Tuesday, January 30, 2007

I'm a science geek!

Geneva, 15 December 2006. Delegates attending the 140th meeting of CERN Council today heard a confident report from the Laboratory about the scheduled start-up of the world’s highest energy particle accelerator, the Large Hadron Collier (LHC), in 2007.

Housed in a 27 kilometre tunnel beneath the French-Swiss border near Geneva, the LHC is the world's largest and most complex scientific instrument. Experiments at the LHC will allow physicists to complete a journey that started with Newton's description of gravity. Gravity acts on mass, but so far science is unable to explain why the fundamental particles have the masses they have. Experiments at the LHC may provide the answer. LHC experiments will also search for the mysterious missing mass and dark energy of the Universe – visible matter seems to account for just 4% of what must exist. They will investigate the reason for nature's preference for matter over antimatter, and they will probe matter as it existed at the very beginning of time.

As 2006 draws to a close, some 80% of the LHC’s magnets, the main components of the new machine, were installed underground and a complete sector of the machine was being prepared for cool-down to its operating temperature of just 1.9 degrees above absolute zero, colder than outer space. “Although just one eighth of the LHC,” said CERN Director General Robert Aymar, “this sector will be the world’s largest cryogenic installation when it is cooled down early next year.”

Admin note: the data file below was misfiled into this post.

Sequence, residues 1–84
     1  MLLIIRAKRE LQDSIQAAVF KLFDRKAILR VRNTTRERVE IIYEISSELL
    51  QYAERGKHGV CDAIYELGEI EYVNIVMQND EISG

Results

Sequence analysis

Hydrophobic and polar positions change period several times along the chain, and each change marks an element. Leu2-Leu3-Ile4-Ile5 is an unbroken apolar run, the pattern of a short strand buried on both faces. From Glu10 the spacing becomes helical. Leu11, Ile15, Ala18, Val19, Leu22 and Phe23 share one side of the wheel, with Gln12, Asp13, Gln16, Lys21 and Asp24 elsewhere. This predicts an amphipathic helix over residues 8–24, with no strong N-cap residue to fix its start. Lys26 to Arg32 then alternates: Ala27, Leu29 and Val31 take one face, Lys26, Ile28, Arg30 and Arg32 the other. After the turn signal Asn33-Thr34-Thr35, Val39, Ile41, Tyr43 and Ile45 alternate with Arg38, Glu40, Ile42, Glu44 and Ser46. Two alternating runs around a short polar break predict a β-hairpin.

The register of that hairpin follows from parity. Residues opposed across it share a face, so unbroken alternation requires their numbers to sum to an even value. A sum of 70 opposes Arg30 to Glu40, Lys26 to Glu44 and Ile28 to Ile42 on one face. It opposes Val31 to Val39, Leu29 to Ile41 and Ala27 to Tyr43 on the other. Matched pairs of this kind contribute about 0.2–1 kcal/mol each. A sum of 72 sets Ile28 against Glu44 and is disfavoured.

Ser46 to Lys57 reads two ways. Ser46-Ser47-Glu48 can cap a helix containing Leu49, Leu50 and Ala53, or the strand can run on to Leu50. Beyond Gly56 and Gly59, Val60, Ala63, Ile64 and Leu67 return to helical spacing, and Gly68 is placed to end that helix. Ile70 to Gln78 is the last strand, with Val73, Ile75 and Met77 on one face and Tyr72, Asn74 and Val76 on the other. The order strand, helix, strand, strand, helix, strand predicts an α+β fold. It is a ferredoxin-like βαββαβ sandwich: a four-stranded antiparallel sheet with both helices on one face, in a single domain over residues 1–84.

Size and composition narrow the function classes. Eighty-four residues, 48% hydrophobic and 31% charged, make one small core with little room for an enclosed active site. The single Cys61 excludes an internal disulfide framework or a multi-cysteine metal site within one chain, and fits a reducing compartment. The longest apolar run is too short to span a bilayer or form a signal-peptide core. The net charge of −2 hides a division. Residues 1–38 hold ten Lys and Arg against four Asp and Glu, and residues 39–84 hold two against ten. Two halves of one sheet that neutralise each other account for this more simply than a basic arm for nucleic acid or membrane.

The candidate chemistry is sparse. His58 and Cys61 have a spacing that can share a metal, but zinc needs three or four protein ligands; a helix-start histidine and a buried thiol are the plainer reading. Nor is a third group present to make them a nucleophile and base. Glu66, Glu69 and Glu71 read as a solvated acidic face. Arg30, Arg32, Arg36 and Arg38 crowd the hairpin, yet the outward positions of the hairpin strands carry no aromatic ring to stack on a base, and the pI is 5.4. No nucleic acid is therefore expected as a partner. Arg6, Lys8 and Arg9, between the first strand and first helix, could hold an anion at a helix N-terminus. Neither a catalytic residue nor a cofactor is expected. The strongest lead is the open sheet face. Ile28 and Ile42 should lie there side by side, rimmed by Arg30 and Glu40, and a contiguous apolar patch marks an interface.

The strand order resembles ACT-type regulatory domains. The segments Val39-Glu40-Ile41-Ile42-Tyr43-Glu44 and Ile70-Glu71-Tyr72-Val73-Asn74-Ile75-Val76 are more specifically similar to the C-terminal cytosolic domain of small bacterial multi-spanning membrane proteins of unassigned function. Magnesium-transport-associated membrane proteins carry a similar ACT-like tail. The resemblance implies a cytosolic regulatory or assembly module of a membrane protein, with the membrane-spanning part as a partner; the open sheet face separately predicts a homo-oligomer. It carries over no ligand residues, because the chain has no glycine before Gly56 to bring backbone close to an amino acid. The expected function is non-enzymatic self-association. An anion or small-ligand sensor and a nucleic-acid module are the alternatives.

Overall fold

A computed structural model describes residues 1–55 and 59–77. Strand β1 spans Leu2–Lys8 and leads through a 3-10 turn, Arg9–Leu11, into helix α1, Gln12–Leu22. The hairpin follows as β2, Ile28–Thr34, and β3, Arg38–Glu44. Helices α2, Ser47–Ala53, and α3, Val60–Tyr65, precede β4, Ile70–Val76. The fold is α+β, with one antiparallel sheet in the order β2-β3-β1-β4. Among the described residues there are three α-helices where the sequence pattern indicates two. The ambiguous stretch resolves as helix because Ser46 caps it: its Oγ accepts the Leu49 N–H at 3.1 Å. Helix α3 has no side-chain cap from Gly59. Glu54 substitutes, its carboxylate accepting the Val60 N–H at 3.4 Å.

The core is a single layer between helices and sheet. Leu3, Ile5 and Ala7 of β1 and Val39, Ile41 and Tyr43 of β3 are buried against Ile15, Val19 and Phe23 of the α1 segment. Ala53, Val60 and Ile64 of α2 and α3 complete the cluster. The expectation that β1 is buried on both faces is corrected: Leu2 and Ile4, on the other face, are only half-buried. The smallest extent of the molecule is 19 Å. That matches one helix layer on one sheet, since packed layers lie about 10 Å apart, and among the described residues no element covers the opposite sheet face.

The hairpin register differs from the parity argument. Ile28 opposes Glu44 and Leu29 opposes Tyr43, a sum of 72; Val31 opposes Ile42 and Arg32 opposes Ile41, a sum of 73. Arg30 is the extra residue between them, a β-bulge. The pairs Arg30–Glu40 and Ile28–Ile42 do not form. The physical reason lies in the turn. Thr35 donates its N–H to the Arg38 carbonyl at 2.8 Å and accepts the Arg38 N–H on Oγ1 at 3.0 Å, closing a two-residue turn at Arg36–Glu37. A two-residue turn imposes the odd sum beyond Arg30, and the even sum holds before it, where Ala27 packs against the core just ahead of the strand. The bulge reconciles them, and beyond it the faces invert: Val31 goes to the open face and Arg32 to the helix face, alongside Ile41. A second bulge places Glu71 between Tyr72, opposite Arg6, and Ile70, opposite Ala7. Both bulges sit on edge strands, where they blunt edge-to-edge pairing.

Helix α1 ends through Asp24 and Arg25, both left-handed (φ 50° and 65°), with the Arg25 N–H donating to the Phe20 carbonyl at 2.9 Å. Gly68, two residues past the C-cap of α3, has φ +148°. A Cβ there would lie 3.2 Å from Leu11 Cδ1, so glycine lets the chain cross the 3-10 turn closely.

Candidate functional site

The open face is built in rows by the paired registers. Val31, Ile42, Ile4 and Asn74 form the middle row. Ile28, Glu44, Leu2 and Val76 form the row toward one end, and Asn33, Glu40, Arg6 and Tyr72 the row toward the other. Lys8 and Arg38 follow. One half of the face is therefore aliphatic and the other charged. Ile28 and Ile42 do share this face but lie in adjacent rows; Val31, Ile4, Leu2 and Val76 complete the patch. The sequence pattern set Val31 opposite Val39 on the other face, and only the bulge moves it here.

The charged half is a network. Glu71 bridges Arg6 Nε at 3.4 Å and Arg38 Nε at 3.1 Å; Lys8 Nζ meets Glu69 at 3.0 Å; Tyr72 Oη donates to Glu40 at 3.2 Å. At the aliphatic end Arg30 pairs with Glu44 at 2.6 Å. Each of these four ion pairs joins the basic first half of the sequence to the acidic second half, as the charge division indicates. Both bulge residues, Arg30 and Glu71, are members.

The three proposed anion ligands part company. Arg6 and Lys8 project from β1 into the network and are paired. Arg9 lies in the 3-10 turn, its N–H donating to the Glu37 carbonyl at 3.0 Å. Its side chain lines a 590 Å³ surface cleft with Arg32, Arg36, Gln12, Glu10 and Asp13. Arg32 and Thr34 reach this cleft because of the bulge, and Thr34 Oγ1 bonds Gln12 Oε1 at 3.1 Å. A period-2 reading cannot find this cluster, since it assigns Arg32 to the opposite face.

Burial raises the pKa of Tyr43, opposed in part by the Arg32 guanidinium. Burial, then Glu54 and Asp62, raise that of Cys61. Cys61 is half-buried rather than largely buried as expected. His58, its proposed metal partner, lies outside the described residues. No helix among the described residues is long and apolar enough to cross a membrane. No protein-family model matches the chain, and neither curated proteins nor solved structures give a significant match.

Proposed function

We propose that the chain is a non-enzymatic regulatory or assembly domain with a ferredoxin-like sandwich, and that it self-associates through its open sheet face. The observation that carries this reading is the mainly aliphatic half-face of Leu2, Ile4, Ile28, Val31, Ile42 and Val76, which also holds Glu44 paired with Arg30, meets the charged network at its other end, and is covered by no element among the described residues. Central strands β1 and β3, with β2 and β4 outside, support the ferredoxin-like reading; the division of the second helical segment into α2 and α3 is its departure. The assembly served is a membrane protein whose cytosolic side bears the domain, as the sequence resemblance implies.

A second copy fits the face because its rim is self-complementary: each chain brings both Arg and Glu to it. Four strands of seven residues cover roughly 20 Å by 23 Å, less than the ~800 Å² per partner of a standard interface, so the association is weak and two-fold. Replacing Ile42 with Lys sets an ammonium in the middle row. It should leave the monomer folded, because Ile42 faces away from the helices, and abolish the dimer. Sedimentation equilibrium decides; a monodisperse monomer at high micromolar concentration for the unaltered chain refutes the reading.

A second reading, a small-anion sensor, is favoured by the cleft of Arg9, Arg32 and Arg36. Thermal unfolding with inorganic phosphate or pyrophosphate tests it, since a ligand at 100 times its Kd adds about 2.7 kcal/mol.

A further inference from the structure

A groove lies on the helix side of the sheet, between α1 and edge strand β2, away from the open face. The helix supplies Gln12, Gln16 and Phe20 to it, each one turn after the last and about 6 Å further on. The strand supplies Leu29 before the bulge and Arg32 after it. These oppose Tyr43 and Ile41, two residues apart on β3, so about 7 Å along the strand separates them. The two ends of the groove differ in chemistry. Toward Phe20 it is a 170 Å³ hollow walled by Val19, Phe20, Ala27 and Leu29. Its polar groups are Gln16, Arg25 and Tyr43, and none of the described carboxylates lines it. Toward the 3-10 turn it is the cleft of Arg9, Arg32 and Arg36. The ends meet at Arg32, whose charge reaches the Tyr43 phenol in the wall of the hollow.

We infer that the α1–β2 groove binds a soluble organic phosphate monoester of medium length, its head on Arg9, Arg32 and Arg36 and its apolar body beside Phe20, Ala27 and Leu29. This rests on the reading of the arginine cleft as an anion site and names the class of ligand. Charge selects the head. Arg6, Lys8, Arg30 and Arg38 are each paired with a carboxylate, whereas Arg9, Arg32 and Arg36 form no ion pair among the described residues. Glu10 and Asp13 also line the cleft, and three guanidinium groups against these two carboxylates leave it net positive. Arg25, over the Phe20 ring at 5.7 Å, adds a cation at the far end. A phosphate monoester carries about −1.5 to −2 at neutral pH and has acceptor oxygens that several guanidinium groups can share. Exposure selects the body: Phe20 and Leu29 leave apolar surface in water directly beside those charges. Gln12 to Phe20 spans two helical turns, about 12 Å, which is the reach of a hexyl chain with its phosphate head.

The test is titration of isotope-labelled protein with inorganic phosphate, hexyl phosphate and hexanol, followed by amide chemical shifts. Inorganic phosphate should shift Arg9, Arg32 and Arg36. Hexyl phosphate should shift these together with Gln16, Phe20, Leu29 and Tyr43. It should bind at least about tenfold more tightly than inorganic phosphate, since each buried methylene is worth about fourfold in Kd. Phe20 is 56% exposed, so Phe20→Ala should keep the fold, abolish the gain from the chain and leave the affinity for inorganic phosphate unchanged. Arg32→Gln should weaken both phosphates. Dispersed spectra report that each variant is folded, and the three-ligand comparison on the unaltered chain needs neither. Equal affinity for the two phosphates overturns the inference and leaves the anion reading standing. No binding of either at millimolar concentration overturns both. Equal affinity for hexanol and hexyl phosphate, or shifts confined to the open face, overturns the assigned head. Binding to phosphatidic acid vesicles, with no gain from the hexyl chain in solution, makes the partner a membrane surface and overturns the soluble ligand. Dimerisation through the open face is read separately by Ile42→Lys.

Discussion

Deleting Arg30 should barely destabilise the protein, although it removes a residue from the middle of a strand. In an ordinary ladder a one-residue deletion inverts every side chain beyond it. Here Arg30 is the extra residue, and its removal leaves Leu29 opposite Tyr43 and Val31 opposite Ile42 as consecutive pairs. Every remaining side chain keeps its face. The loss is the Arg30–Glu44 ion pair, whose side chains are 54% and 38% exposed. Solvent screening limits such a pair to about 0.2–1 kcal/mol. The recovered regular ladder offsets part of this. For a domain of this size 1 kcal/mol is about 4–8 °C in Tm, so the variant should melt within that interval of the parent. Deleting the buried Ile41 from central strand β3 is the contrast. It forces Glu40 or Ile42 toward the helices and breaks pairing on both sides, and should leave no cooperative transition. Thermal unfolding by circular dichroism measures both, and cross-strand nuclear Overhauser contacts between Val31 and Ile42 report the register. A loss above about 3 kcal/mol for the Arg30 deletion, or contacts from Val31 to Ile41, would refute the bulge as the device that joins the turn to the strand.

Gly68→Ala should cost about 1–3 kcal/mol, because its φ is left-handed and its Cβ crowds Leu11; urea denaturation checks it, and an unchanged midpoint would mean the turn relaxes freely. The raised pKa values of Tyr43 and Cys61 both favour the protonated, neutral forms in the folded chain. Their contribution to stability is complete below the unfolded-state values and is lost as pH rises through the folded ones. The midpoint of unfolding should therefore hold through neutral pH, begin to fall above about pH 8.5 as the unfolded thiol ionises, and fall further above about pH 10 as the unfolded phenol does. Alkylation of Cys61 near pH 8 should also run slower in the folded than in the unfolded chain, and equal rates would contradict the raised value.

Progress is equally impressive for the four large experiments preparing to take data with the LHC’s colliding particle beams. Named ALICE, ATLAS, CMS and LHCb, all are striving to be ready for first collisions late in 2007.

When data flow from the experiments gets up to speed, it will be produced at a prodigious rate, reaching close to one percent of the world’s information production rate. Handling this amount of data demands a new approach to distributed computing, called the Grid. In 2006, the LHC computing grid began offering a baseline service to the LHC community, right on schedule for a full service to begin in 2007.

The year 2006 has been a busy, but exciting, one for CERN. As it draws to a close, the LHC project is in good shape. Hurdles have been overcome, and the project is proceeding smoothly towards collisions in the LHC by this time next year.

I love the irony of life. 40,000 years of human development and we still need to bash two rocks together to understand them. Now the rocks are smaller.

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